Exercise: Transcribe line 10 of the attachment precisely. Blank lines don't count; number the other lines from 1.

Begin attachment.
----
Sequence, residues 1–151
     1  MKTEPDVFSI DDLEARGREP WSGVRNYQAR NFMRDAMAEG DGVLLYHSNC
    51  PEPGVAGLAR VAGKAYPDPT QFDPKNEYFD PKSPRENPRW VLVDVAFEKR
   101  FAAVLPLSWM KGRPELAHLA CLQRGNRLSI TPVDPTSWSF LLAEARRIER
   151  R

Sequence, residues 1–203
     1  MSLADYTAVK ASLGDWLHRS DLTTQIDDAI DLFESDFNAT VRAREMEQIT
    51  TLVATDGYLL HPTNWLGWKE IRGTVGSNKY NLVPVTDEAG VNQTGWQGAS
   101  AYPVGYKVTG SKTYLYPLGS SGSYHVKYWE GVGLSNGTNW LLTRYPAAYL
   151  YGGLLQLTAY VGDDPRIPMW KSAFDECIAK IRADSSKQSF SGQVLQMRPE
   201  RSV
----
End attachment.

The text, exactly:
   151  YGGLLQLTAY VGDDPRIPMW KSAFDECIAK IRADSSKQSF SGQVLQMRPE